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Vitamins: 10 Warning Signs You Aren't Getting Enough

In the American fast food culture, it's easy to eat way less nutrients than the body needs to function efficiently. People have become so accustomed to junk food that the average American has to supplement his diet or risk a deficiency. Even that proves difficult for some.

It's easy to assume that to live a healthy lifestyle, you have to cough up tons of cash for expensive nutrition products, but many vitamins are present in abundance in natural sources. What is more, natural sources of the highest quality can be delivered right at your doorstep by companies like Blue Apron without breaking the bank. For the few vitamins that aren't that common in food, there are many companies producing high quality supplements that do not cost an arm and leg.

It's true that vitamins do not supply the energy that carbohydrates, protein, or fat do but they are nonetheless just as important as those other groups. A baby who doesn't get enough Vitamin B9 (folate) in the womb, for example, may develop a weakened central nervous system.

The effects of a vitamin deficiency in adults, although reversible, are almost as bad. It is, therefore, our utmost duty to ensure that our body gets all the nutrients it needs to prevent premature aging, nervous breakdowns and to simply live a healthy and stress free life. Here we examine the most common warning signs of a vitamin deficiency that people always wave it away as nothing.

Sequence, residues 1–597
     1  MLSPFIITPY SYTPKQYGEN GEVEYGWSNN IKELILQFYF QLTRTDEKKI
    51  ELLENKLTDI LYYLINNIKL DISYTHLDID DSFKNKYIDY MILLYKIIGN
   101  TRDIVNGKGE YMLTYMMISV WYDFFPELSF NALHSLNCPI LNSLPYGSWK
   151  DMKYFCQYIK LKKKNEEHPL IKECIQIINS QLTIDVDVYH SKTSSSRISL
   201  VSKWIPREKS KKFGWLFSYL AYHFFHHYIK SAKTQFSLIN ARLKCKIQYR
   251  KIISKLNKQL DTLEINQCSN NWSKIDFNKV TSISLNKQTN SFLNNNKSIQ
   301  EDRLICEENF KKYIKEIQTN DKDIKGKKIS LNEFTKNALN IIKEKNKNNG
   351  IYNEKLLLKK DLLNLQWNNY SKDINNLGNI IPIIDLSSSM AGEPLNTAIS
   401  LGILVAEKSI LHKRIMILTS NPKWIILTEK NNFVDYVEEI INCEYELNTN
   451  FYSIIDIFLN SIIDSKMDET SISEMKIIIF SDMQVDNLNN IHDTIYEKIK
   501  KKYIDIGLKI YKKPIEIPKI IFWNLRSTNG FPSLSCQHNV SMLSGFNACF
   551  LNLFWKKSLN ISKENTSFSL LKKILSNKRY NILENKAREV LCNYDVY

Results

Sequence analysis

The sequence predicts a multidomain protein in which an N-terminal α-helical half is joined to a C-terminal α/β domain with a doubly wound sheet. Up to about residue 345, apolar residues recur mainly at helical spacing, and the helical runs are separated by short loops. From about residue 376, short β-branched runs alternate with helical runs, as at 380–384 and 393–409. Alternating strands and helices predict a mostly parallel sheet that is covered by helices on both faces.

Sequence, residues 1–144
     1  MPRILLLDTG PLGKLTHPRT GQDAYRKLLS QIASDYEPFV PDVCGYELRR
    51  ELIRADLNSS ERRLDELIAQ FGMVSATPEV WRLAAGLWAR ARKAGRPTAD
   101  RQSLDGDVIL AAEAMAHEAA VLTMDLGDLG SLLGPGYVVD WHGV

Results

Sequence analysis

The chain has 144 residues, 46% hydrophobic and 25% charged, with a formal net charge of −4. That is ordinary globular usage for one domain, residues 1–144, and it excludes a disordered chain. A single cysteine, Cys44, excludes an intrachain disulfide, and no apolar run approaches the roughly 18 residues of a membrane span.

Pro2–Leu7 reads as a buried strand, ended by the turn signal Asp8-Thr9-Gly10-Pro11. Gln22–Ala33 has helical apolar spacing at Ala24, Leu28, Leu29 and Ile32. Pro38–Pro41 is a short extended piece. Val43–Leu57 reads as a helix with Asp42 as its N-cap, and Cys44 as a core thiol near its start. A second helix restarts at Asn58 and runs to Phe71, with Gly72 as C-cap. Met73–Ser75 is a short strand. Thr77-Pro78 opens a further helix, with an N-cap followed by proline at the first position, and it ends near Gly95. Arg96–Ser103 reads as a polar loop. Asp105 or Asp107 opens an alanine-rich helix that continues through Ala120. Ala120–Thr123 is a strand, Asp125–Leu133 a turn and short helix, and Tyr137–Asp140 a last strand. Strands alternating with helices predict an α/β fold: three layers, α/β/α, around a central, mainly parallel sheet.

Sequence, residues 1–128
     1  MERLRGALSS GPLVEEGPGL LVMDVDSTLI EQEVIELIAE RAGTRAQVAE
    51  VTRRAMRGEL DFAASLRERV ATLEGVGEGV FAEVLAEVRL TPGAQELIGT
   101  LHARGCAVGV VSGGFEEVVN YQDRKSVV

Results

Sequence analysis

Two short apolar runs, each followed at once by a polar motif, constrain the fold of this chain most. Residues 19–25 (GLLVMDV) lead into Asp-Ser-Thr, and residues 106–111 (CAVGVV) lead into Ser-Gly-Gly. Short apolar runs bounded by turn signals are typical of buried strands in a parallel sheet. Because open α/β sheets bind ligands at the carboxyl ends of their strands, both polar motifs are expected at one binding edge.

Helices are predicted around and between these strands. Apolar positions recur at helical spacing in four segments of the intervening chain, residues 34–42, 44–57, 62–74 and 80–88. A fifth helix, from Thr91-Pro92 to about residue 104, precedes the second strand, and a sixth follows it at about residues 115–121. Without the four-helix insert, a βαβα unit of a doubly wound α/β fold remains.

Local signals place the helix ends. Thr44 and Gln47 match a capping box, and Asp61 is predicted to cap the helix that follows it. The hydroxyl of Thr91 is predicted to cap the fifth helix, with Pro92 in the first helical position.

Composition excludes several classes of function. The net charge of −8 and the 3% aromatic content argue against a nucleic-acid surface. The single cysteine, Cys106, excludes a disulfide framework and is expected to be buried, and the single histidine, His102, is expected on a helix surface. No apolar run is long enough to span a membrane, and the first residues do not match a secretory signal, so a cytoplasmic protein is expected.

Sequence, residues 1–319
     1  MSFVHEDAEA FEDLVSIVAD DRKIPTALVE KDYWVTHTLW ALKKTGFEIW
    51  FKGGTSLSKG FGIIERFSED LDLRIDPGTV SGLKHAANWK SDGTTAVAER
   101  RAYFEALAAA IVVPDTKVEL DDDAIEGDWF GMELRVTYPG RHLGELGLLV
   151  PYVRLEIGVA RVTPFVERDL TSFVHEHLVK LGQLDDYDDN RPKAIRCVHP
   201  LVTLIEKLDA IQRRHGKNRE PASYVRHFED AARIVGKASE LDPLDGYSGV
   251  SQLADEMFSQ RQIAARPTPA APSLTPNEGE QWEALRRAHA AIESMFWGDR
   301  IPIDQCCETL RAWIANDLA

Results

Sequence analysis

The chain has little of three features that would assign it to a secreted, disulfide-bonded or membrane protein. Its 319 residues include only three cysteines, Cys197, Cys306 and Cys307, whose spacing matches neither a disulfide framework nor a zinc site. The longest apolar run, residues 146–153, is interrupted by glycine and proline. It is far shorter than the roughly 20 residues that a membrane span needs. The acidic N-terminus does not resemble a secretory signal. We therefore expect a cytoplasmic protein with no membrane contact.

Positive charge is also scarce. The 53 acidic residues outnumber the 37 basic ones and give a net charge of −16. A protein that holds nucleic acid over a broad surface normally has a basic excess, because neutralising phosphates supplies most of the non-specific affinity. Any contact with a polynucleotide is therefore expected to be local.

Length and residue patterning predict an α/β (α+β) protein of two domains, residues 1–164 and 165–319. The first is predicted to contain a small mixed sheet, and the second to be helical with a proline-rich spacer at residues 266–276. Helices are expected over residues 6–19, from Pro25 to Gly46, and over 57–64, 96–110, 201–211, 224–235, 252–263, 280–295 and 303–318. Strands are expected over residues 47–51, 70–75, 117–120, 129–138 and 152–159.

Proper nutrition is essential for good health sometimes taking additional vitamins is necessary

  1. Fatigue

    One of the tell-tale signs of vitamin deficiency, and probably the one that is most ignored or simply written off as something less disturbing like a bad day at work, for example. Fatigue is usually caused by a lack of one or more vitamins including vitamins C, D, and many B vitamins. Some natural fatigue fighting vitamin sources include marmite, sunflower seeds, macadamia nuts, soy beans, trout, guavas, black eyed peas, spinach, lentils, asparagus, other leafy greens, and sunlight. These sources contain vitamins C, D, B1, B3, B5, and B9 among others.

  2. Low Mood

    The number one cause of low mood is a lack of Vitamin B1. This B vitamin, also known as Thiamine, is tasked with providing steady energy and boosting nerve and muscle function. Along with low mood, a thiamine deficiency may also cause fatigue and lack of coordination. To improve your mood, you can find thiamine in abundance in marmite, sunflower seeds, macadamia nuts, and soy beans.

  3. Dry or Cracked Lips

    A lack of Vitamin B2 (Riboflavin) which helps maintain energy supply to muscles and assists in the production of red blood cells is usually exposed by dry or cracked lips. The average adult needs between 1,100 to 1300mcg of Vitamin B2 per day and 75g of liver provides almost twice the daily requirement.

  4. Sensitivity to Light

    Other effects of vitamin B2 deficiency may include sensitivity to light and can be easily corrected eating liver, salmon, eggs, mushrooms or/and almonds.